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The Use of Fas Ligand, TRAIL and Bax in Gene Therapy of Prostate Cancer

[ Vol. 1 , Issue. 1 ]


J. S. Norris, M. L. Hyer, C. Voelkel-Johnson, S. L. Lowe, S. Rubinchik and J-Y. Dong   Pages 123 - 136 ( 14 )


Prostate cancer is the second leading cause of cancer death in the United States. Treatment options for confined disease are generally successful in prolonging life but long-term cures (10-15 years) are elusive for the majority of patients. The prognosis for advanced extra-capsular prostate cancer is grim. However, we are now entering the era of gene therapy options for treatment of prostate cancer. The human genome project coupled with genomics and proteomics are providing information that will lead to selection of genes for treatment of prostate cancer. The problem is the science of delivery lags behind knowledge of gene function. Thus, it is important to develop therapies that do not require delivery to 100percent of tumor cells but which nevertheless kills the entire cancer by virtue of the bystander effect or other means. This review covers the use, in gene therapy, of apoptotic inducing molecules such as Fas Ligand, and TRAIL which are believed to induce bystander killing activity and Bax which also may function in a similar way.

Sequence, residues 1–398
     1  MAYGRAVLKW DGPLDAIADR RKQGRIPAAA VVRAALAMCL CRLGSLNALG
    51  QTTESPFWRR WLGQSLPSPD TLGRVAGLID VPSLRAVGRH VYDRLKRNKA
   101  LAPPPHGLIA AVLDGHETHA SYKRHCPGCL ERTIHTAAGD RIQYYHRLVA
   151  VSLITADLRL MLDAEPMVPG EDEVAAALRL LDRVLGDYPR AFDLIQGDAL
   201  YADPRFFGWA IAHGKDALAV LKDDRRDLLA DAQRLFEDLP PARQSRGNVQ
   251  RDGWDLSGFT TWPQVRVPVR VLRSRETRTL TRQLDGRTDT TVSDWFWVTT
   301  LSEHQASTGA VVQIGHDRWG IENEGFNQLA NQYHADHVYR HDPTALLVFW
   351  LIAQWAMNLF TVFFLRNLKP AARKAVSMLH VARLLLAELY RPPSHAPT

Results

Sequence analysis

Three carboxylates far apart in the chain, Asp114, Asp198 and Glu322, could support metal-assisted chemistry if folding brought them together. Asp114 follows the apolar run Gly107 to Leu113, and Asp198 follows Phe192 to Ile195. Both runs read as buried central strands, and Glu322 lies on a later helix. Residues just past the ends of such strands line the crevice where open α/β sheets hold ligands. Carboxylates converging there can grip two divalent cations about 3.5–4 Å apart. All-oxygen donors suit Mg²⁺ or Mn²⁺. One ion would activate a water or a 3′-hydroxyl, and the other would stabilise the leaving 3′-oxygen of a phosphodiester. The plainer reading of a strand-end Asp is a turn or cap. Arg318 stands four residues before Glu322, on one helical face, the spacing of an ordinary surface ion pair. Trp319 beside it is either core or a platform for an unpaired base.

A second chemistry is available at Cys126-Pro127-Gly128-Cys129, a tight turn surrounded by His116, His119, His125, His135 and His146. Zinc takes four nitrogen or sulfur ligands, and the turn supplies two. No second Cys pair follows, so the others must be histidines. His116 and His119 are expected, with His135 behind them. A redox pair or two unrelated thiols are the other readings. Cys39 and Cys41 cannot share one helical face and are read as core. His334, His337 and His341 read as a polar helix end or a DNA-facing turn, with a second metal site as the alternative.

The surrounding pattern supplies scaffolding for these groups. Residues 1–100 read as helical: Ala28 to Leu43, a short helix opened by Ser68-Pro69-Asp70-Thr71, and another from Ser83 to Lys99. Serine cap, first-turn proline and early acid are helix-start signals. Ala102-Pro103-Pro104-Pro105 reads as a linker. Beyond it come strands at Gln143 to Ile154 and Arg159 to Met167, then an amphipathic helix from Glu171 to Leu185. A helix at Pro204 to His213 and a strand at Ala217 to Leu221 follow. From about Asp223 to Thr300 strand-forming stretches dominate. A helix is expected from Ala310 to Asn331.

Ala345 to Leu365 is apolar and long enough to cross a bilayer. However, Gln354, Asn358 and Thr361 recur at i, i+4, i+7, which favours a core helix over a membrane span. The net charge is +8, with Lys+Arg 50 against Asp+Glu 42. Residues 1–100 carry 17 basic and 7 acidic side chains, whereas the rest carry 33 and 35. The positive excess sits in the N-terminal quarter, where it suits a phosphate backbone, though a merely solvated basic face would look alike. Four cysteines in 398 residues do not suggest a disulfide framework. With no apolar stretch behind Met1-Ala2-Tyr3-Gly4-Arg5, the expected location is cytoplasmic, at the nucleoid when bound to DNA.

Fas Ligand, bystander killing activity, surgical castration, immuno histochemistry, apoptosis inducing genes, cis diamminedichloroplatinum, anti apoptotic proteins, chemotherapeutic agents, voltage dependent anion, Bax expression, tetracycline transcriptional


Department of Microbiologyand Immunology, Medical University of South Carolina, 173 AshleyAvenue, Charleston, South Carolina 29425, USA

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